May 08, 2012 @ 17:09:05

    Do you have tips to join different player characters for a campaign with multiple adventures where they remain a group? In D&D style games, a party of adventurers going from one adventure to the next is a given, in futuristic setting you can say the group is a mercenary group, but in modern times I find it easy to come up with a scenario in which different people join for an adventure(each having a reason to join for ‘that’ investigation/adventure, but once the adventure is over, I find it difficult to pretend strangers would stick around for further adventures in CoC settings. Any tip is welcomed.


    • Will
      May 09, 2012 @ 16:27:07

      This is a good question! The mercenary group idea is basically why Delta Green exists if I remember, to give players/investigators a reason to keep going through crazy stuff?

      I think there would be a number of alternatives to get a group of people to stick together through horror – an obvious one being lack of trust in others (or being unable to relate to people that -haven’t- seen a guy ripped apart by giant worms), so you could start off with just one player discovering a strange event, then getting in contact with the others, this could be an idea for a mini-campaign with each scenario focusing on the “world” of a specific player’s character, that other investigators are drawn into?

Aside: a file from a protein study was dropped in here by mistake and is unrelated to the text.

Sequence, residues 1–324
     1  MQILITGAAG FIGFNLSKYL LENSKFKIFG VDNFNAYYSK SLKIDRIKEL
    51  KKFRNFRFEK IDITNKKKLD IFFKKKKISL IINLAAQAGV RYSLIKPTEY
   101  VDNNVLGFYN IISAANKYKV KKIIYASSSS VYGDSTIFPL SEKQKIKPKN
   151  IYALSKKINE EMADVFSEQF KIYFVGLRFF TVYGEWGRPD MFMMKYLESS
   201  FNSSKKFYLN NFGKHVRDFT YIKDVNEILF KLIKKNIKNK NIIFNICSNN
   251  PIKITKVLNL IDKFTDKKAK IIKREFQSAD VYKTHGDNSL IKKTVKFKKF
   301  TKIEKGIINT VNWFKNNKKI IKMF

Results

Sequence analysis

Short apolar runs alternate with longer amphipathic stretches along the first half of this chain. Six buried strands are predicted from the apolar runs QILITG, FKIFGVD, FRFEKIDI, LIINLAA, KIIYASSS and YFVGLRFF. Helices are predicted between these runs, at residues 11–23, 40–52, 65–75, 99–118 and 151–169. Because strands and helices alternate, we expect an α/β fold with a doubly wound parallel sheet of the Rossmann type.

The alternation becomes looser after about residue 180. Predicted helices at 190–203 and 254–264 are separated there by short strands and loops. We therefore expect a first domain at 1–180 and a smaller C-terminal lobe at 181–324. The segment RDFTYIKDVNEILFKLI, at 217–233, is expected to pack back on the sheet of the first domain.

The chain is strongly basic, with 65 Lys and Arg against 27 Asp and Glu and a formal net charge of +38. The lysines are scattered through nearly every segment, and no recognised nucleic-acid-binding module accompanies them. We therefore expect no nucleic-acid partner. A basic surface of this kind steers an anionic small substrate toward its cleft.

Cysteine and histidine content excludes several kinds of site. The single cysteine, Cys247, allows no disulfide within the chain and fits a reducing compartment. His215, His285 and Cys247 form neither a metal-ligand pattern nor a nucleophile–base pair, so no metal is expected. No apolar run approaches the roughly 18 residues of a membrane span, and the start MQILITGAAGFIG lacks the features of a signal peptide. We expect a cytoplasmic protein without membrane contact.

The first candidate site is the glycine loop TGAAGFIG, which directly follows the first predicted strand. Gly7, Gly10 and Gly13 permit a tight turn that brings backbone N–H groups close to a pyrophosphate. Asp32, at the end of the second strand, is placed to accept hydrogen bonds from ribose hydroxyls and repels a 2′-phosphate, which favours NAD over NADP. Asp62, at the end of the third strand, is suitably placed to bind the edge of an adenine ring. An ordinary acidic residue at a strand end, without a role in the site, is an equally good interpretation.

That would probably have to be a one-time thing, though.

      I guess a way to make it more natural is to make sure that characters get a chance to interact together enough outside of combat or running away from things that they get a chance to become friends, or at least earn grudging respect. This might require a bit of a push, but putting player characters together, getting them to talk, boast, show off, ramble, humanizing them helps in every aspect of gameplay: If a character is in danger, everyone should care. Note that this can’t just be a player’s interaction with an NPC (though that shouldn’t be ignored), real bonds are formed between player characters. If characters get to know each other, every action between them (healing, fighting, seeing them go insane) takes on more meaning.

      And when you build that kind of relationship, it’s natural to assume that they’d at least stick around when this is all over, right?

      Hope that helps, anyway! — Will


  2. Charles
    Sep 03, 2012 @ 21:49:40

    My recommendation for keeping the players together is as follows:

    Out of character, tell the players themselves that in order to keep things as a solid campaign, the characters should form a pact of secrecy and friendship to help face the horrors that no one else believes. A little bit of responsibility on the players part is always good if it helps tell a good story for good times.


  3. Trackback: Tips for a Beginning Keeper (Call of Cthulhu) (Better Version) – The Wretched Beast